A report on The Interdependence of Public and Private Finance in British Theatre (Heatherington, S.) was published by Arts Council Englandin partnership with Birmingham Hippodrome and the Theatres Trust in 2015. Although the report estimated that public funds represent only around 14% of total income in the theatre sector, it said it was essential to enable theatres to experiment and reduce risk, and support the industry’s infrastructure and attract private sector funding. The author warns that if public subsidy continues to decrease, theatre producers/operators may be disinclined to take risks in programming.
ACE’s investment in theatre accounted for about GB£ 300 million between 2015-18, which represented about 30% of expenditure on its National Portfolio Organisations. In addition, other grants and funds benefit theatre. Moreover, between 2012-2018 ACE committed c. GB£ 100 million in capital funds for theatre buildings. In 2015 ACE commissioned an analysis of the theatre landscape from the Burns Owen Partnership and Graham Devlin Associates. The resulting report, Analysis of Theatre in England, published by the Council in 2016, provided a basis for ACE’s priorities for theatre. ACE identified a number of proposals to strengthen the theatre sector. These are investing in up to three new ‘producing hubs’ outside London that will test a place-based approach to supporting risk-taking, and developing talent and audiences. It will also increase the range of leadership and workforce programmes and explore ways of improving the diversity of senior executive appointments. ACE will seek to strengthen touring and supporting risk by, for example, the possible development of a ‘guarantee against loss’ scheme, and it intends to work with others on action research projects to explore approaches to building cross-over audiences for both live and live-to-digital theatre.
Ticket sales for public and private theatre in the UK 2018 were assessed at 34 million on the basis of data from UK Theatre and the Society of London Theatre. Ticket revenue was GB£ 1.28 billion from 62,945 performances. In 2018, there were 296,000 jobs in the music, performing arts and visual arts sectors. This constitutes a 4.9% increase from 2017 and a 39% increase from 2011.
An All-Party Parliamentary Group for Theatre has been established to support the resilience and relevance of theatre in the UK for audiences, society and the industry, as well as identify and discuss potential opportunities and issues for theatre. The group also intends to assist Members of Parliament to have a greater understanding of theatre and the performing arts industry.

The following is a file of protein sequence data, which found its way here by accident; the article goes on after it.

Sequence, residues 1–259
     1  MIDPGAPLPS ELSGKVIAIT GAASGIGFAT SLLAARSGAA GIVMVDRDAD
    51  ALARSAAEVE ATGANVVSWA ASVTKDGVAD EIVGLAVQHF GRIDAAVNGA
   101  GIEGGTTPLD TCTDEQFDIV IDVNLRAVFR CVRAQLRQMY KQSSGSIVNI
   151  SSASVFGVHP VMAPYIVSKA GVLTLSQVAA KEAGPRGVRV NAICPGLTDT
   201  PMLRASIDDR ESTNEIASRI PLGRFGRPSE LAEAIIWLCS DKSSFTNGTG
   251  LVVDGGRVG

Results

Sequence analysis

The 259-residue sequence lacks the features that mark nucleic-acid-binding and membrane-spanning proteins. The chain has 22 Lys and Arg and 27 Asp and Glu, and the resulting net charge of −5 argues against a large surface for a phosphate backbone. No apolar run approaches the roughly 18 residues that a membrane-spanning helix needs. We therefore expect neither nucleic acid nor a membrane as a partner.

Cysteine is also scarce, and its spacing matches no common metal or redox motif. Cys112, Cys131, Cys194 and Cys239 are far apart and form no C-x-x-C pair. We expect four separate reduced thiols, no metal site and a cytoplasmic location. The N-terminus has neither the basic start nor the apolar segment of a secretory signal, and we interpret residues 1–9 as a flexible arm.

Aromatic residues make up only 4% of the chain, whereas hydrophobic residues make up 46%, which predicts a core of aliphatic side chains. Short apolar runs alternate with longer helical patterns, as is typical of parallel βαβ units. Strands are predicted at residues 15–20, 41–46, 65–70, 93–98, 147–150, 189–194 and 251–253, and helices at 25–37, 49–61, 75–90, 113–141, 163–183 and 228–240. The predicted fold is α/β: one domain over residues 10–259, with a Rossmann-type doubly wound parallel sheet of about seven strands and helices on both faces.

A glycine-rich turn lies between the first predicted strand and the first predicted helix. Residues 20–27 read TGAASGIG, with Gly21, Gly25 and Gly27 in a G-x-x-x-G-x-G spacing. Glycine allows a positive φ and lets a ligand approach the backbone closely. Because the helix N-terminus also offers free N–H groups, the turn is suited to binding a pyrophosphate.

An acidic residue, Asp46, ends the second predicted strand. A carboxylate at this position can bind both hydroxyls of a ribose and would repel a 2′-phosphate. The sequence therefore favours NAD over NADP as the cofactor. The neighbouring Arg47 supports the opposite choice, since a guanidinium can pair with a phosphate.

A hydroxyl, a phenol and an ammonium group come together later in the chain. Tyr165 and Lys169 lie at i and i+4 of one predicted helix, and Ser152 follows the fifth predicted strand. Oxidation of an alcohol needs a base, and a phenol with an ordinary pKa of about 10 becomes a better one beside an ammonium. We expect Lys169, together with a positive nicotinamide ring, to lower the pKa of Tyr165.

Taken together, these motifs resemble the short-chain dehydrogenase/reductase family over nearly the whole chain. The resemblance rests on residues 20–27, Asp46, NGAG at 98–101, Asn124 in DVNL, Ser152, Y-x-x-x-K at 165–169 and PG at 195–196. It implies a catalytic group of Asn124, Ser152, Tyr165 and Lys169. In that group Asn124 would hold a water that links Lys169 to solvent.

A major issue for theatre in general and commercial theatre in particular have been the considerable increases in business rates applied by local authorities in England and Wales. Business rates are based on an assessment of a property’s rateable value and depend on the size and location of the site. The increase, applicable from April 2017, was the first re-evaluation of such rates since 2010. Most non-profit theatres avoided the full impact of the increase because they are registered charities, which entitles them to rates relief.
UK Theatre, formerly the Theatrical Management Association, is the principal membership body for theatre and performing arts organisations in the UK. It offers advocacy, advice including legal guidance, negotiation and contracts with trade unions, as well as organising training, conferences and events (e.g. the annual UK Theatre Awards). The Society of London Theatre (SOLT) represents the interests of producers, theatre owners and managers in London’s theatre industry. It encourages theatregoing by, for example, discounted theatre ticketing, theatre tokens and a ’Kids Week’. It also provides advice on employment matters, manages collective bargaining with the entertainment unions, collects data and organises events such as the annual Olivier Awards. The Theatres Trust is the national advisory public body for theatre set up by government in 1976 to promote better protection of theatre buildings in the UK. It has a statutory right to be consulted on theatre in the planning system.
ACE’s goals for dance in its 2018-20 Corporate priorities are to investigate how the sector can maximise available support networks and develop career progression routes in South Asian dance, urban genres and new technologies. It also seeks to ensure there is a more even distribution of the dance infrastructure and undertake research on the current landscape for the independent dance sector.
One Dance UK supports professionals working in the dance sector to achieve excellence, whether in performance, education or management, and is an advocate for enhancing the profile of dance. It seeks to improve the health and wellbeing of dancers and improve conditions for dance to be learnt. It offers the Level 3 Award in supporting the delivery of Dance Education in School Sport.